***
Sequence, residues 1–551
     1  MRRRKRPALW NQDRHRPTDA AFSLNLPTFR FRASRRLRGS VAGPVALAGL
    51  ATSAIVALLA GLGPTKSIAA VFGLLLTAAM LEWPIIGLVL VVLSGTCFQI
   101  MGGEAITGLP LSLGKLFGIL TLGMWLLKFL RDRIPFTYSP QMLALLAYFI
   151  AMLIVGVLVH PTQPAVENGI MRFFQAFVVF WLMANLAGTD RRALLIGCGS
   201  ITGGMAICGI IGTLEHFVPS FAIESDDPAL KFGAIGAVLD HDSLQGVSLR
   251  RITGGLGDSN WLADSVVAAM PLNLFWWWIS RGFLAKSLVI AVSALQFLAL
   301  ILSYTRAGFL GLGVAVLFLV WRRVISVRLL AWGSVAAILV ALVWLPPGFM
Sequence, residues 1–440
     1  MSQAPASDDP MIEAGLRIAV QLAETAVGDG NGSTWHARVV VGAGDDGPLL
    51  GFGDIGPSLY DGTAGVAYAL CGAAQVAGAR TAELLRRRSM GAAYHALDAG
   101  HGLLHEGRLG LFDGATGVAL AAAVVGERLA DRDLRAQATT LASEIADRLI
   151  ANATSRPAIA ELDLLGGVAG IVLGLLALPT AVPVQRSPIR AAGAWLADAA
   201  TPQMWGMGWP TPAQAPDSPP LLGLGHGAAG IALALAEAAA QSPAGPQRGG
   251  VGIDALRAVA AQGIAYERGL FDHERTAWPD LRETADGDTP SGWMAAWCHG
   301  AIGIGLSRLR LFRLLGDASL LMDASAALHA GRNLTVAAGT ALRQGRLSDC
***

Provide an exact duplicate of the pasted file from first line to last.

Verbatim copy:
Sequence, residues 1–551
     1  MRRRKRPALW NQDRHRPTDA AFSLNLPTFR FRASRRLRGS VAGPVALAGL
    51  ATSAIVALLA GLGPTKSIAA VFGLLLTAAM LEWPIIGLVL VVLSGTCFQI
   101  MGGEAITGLP LSLGKLFGIL TLGMWLLKFL RDRIPFTYSP QMLALLAYFI
   151  AMLIVGVLVH PTQPAVENGI MRFFQAFVVF WLMANLAGTD RRALLIGCGS
   201  ITGGMAICGI IGTLEHFVPS FAIESDDPAL KFGAIGAVLD HDSLQGVSLR
   251  RITGGLGDSN WLADSVVAAM PLNLFWWWIS RGFLAKSLVI AVSALQFLAL
   301  ILSYTRAGFL GLGVAVLFLV WRRVISVRLL AWGSVAAILV ALVWLPPGFM
Sequence, residues 1–440
     1  MSQAPASDDP MIEAGLRIAV QLAETAVGDG NGSTWHARVV VGAGDDGPLL
    51  GFGDIGPSLY DGTAGVAYAL CGAAQVAGAR TAELLRRRSM GAAYHALDAG
   101  HGLLHEGRLG LFDGATGVAL AAAVVGERLA DRDLRAQATT LASEIADRLI
   151  ANATSRPAIA ELDLLGGVAG IVLGLLALPT AVPVQRSPIR AAGAWLADAA
   201  TPQMWGMGWP TPAQAPDSPP LLGLGHGAAG IALALAEAAA QSPAGPQRGG
   251  VGIDALRAVA AQGIAYERGL FDHERTAWPD LRETADGDTP SGWMAAWCHG
   301  AIGIGLSRLR LFRLLGDASL LMDASAALHA GRNLTVAAGT ALRQGRLSDC